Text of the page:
How Healthy Schools Save Money

Indoor Air Quality

Indoor Air Quality


Clean the air, save money. Sounds simple, but how? The best way to keep your air clean is to not let it become dirty in the first place. This means prevention by identifying, stopping or controlling sources such as idling vehicles; lack of proper entry matting; particles from poorly filtered vacuums or HVAC systems; chemical VOCs from building, furnishing or cleaning materials; fragrances in products or on people and poorly sealed or insulated buildings.

It also means ensuring ventilation in a manner that does not inflate energy costs, either on a room-by-room basis via a central HVAC system or using a Heat Recovery or Energy Recovery Ventilator (HRV or ERV). Still, the cost of energy is less than the cost of an absent teacher or student.

Per Jeff May in his book, My Office is Killing Me, “One indoor air quality professional estimates that the annual cost of an employee is about 100 times greater than the energy cost to keep a building heated, cooled and ventilated for that one person. If an employer saves an energy cost of $1 a day by reducing the ventilation in a building, and an employee who is paid $100 a day misses a day of work because of illness, the employer’s net loss is $99 (the salary is paid to the employee even if he or she is out sick).”

The Environmental Protection Agency (EPA) cites increases in Average Daily Attendance (ADA) as a main benefit to schools with better indoor air quality: “The majority of a school’s operating budget is directly dependent on ADA, so even a small increase can significantly boost the operating budget.”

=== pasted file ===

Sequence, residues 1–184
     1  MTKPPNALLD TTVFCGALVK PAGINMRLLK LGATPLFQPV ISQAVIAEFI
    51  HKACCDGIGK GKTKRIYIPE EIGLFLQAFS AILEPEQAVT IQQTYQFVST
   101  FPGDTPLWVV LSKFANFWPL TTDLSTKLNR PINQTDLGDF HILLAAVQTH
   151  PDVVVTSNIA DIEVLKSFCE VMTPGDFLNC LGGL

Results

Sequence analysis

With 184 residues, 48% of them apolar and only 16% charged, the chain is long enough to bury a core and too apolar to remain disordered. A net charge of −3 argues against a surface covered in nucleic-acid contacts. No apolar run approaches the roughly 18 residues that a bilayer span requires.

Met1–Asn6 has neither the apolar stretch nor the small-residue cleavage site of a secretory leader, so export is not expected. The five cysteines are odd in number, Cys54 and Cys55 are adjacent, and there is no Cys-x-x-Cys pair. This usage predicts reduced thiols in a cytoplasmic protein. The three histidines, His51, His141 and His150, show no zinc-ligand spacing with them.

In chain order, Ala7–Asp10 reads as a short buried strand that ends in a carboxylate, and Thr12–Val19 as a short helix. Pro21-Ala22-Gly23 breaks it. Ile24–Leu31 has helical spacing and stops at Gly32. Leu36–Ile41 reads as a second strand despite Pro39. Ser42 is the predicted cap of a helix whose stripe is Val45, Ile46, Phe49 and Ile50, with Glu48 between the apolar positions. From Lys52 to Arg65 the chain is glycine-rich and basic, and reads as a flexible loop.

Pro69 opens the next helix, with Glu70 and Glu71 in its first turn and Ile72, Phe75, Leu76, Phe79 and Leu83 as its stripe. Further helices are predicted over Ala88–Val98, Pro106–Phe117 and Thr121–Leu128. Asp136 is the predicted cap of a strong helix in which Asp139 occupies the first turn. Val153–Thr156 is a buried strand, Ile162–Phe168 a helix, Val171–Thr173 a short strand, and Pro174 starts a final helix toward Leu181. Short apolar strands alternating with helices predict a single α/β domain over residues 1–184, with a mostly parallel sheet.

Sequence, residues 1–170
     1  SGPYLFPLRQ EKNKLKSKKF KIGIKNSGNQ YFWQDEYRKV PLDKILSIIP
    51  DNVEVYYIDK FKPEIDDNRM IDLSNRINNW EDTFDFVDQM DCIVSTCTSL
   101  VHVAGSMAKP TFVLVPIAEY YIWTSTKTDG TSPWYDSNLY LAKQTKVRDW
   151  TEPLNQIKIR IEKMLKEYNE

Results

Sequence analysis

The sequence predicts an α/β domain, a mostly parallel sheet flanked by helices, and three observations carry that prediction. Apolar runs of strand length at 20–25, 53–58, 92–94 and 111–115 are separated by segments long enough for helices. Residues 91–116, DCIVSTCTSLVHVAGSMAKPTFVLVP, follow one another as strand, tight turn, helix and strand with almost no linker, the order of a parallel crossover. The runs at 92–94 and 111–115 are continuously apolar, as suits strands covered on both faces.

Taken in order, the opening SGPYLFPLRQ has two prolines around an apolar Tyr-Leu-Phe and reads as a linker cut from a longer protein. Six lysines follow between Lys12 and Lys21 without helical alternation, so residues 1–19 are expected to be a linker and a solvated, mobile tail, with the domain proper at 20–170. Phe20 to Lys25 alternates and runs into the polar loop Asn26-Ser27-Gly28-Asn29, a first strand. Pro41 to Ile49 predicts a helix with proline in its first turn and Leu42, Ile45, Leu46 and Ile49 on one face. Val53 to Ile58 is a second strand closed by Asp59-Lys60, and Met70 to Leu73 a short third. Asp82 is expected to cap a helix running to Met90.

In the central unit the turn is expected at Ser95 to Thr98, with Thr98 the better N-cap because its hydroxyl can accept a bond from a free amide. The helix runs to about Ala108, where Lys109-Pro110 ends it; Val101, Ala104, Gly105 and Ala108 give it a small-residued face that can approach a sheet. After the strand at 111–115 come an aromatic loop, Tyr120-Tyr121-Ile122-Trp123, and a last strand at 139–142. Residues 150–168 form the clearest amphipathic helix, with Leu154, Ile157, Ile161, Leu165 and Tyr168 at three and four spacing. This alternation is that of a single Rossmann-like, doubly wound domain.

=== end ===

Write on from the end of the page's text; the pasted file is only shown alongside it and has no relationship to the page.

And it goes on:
Evidence shows a clear association between IAQ and respiratory ills, including asthma. Per the CDC, asthma is a leading cause of school absenteeism.

Per the Connecticut Foundation for Environmentally Safe Schools: “Lockport Township High School in Lockport, IL, reported a three percent increase in the average daily attendance after the first year of implementing an Indoor Air Quality Management Plan.”

“Schools in Syracuse, NY, documented gains in attendance of 11.7 percent, which yielded added state funding of $2,512,250.00 the first year after using a cleaning for health regime. The school district’s use of highefficiency filter backpack vacuuming, systematic disinfecting of desks and surfaces were among the measures used in the program.”

Per EPA: “Evidence continues to mount demonstrating that indoor air quality, or IAQ, directly impacts student academic performance and health.”

“In one study, students in classrooms with higher outdoor air ventilation rates scored 14 to 15 percent higher on standardized test scores than children in classrooms with lower outdoor air ventilation rates.”

“Studies demonstrate that improved IAQ increases productivity and improves the performance of mental tasks, such as improved concentration and recall in both adults and children.”

William J. Fisk, of Lawrence Berkeley National Laboratory, estimated fiscal gains of better indoor air quality amounted to savings “of $6 to $14 billion from reduced respiratory disease; $2 to $4 billion from reduced allergies and asthma; $15 to $40 billion from reduced symptoms of sick building syndrome; and $20 to $200 billion from direct improvements in worker performance…” and that “potential financial benefits of improving indoor environments exceed costs by factors of 9 and 14.”

This article originally appeared in the issue of .

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